Yes, the US women’s 13-0 victory over Thailand in the World Cup is a problem. But not for the reason you think.

USA’s Samantha Mews joy after scoring the 8-0 goal during the FIFA Women soccer World Cup 2019 Group F match, USA vs Thailand in Reims stadium, Reims, France on June 11th, 2019. USA won 13-0. Photo by Henri Szwarc/Abaca/Sipa USA(Sipa via AP Images)

The United States women’s national team opened up their World Cup appearance with a record-setting 13-0 win over Thailand on Tuesday.

That the margin of victory was so wide is evidence that women’s sports across the globe desperately need more funding and a stronger pipeline of recreational and collegiate competition throughout a female athlete’s life, said Dan Lebowitz, who is the executive director of the Center for the Study of Sport in Society at Northeastern University.

Dan Lebowitz, executive director of the Center for the Study of Sport in Society at Northeastern. Courtesy photo

“The score sends a message to FIFA that it needs to reinforce for its member-countries that subsidizing women’s sport is a priority,” Lebowitz said, referring to the Fédération Internationale de Football Association, the international governing body for soccer.

“This kind of score differential wouldn’t happen if there were better feeder systems around the globe,” Lebowitz said. “It’s a call for equity around the globe when it comes to empowering women in sport.”

The score, which set a World Cup record for the largest margin of victory for a soccer match—either men’s or women’s—sparked controversy, with some arguing that the No. 1 women’s soccer team in the world shouldn’t have continued to score goals after it became evident it would win by a comfortable margin and shouldn’t have continued to celebrate each goal.

Roger Gonzalez, a sports writer for CBS, wrote after the game, “You compete to win, and that’s understandable, but how can you not feel bad for this Thailand team that had absolutely no chance? The U.S. wasn’t classless by any stretch, as they were celebrating a record-breaking achievement. But 7-0, 8-0, 9-0 all would have been fine in my book.”

It is perhaps worth noting that neither 7-0, nor 8-0, nor 9-0 would have been record-breaking scores. Before Tuesday’s game, the World Cup record for margin of victory was set by Germany’s 11-0 win over Argentina in the 2007 Women’s World Cup.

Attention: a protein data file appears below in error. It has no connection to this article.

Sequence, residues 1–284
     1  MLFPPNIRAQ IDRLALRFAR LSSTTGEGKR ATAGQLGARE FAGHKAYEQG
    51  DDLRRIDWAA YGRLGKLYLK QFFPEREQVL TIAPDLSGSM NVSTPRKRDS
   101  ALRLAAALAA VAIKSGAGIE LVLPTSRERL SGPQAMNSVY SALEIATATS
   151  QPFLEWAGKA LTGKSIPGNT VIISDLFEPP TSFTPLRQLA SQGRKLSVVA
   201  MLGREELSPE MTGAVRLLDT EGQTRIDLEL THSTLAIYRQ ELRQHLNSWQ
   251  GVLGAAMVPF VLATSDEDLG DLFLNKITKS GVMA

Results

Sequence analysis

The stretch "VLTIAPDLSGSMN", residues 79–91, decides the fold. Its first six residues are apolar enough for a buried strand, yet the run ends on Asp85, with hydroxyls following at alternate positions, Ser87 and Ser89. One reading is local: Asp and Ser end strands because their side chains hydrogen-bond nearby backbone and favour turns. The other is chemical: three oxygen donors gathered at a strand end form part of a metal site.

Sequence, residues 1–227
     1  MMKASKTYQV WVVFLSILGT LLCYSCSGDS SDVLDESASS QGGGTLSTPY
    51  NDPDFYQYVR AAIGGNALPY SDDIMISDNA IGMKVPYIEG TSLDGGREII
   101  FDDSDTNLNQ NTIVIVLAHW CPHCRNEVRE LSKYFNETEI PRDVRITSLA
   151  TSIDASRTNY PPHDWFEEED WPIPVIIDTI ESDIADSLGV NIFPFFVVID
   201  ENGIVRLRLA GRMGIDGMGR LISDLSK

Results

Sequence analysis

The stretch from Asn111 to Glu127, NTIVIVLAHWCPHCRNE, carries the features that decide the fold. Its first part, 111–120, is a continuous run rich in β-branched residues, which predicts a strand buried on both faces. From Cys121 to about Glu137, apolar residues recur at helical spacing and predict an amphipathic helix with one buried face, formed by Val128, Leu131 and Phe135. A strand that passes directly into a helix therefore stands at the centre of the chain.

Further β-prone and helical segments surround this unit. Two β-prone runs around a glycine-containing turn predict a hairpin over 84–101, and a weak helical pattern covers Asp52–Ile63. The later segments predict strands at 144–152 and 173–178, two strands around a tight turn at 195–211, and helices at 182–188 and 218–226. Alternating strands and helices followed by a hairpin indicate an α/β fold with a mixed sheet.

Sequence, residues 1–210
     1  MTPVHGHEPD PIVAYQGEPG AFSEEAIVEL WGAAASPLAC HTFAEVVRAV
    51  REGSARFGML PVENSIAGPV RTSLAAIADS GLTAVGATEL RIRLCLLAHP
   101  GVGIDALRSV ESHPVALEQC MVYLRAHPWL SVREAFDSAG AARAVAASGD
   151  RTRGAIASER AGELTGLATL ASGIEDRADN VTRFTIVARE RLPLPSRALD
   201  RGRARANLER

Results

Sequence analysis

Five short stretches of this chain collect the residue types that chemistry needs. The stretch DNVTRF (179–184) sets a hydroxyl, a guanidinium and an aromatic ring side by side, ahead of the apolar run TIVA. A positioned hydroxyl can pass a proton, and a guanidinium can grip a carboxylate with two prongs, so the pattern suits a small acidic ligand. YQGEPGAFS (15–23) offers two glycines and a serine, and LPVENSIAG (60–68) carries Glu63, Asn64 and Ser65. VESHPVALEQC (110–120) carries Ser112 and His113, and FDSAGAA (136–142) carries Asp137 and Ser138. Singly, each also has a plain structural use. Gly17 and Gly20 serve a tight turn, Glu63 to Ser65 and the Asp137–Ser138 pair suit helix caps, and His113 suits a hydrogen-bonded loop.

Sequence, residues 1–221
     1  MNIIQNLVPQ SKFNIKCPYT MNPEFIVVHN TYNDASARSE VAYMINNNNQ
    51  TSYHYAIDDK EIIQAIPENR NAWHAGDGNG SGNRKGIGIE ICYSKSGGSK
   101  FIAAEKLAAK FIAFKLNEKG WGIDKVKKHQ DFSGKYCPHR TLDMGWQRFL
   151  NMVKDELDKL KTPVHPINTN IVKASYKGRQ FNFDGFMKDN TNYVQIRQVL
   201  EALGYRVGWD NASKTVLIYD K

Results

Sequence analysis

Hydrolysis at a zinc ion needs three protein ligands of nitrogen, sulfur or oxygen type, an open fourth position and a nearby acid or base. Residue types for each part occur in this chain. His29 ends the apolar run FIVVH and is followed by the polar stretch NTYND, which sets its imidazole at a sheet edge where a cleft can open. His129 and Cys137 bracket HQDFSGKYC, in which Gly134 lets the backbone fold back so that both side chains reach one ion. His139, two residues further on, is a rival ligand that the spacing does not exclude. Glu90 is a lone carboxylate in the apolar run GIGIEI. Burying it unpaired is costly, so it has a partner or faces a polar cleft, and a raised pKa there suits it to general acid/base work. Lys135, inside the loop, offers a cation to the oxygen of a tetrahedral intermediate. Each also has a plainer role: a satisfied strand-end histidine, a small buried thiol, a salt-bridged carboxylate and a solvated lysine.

Taylor Twellman, an ESPN soccer analyst and former player for the New England Revolution and the U.S. men’s national team, tweeted that “celebrating goals (like #9) leaves a sour taste in my mouth, like many of you.”

Far from gloating, the U.S. athletes were simply reacting to the excitement of scoring a goal in the World Cup, said Pamela Wojnar, who teaches in the Master of Sports Leadership program at Northeastern.

Pam Wojnar, who teaches in the Master of Sports Leadership program. Courtesy photo

“I would be surprised if they even remember doing it,” said Wojnar, who also coached collegiate basketball and volleyball for more than a decade. “I’d be excited, too! And you’re talking about athletes who are in the heat of the moment.”

Lebowitz echoed Wojnar’s assessment, adding that “the U.S. women did the right thing on a number of levels.”

First, goal differential matters in the World Cup, he said. In the case of a tied record of wins and losses, a team’s margin of victory can end up being a factor in whether it advances through the championship, Lebowitz said.

“Let’s say it was 10-0 against Thailand, and the [U.S.] team ends up with a 1-2 record [overall]. If another team scored 13-0 and also ended up with a 1-2 record, that team would advance instead of the U.S. And then what?” Lebowitz said.

Second, teams at the World Cup are playing to win, Lebowitz said, and athletes need repetition to stay on top of their game.

“These players still need repetition in that much of a high-pressure situation to feel comfortable and gain momentum going into the next round,” he said.

For Lebowitz, the controversy is indicative of a broader, societal problem: resistance to gender equality. He contrasted the treatment of the U.S. women’s soccer team to that of the 1992 U.S. Olympic men’s basketball team.

Both teams were dominant in their fields. Both teams included an all-star roster of athletes. Both teams beat their opponents handily. And yet, only one team is being pilloried for doing so, Lebowitz said. The U.S. Olympic men’s basketball team was nicknamed “the Dream Team,” and roundly cheered by fans and reporters alike.

More recently, the 2012 U.S. Olympic men’s basketball team—a team that drew comparisons to its 1992 counterpart for showing a similar dominance—was celebrated when it set the Olympic record for scoring the most points in a single game.

The men’s team routed Nigeria 156 to 73. Hunter Felt, a sports writer for The Guardian, recapped the game by writing: “That was the best I think I’ve ever seen a basketball team play. I feel bad for Nigeria having to be on the other end of that, but that was just an impossible task.”

“Everyone was bowing down to the Dream Team in 1992,” Lebowitz said. “All of a sudden, women do it, and it’s a major problem. What we’re seeing here is the truth of how we allow negative narratives about women to gain unbelievable momentum.”

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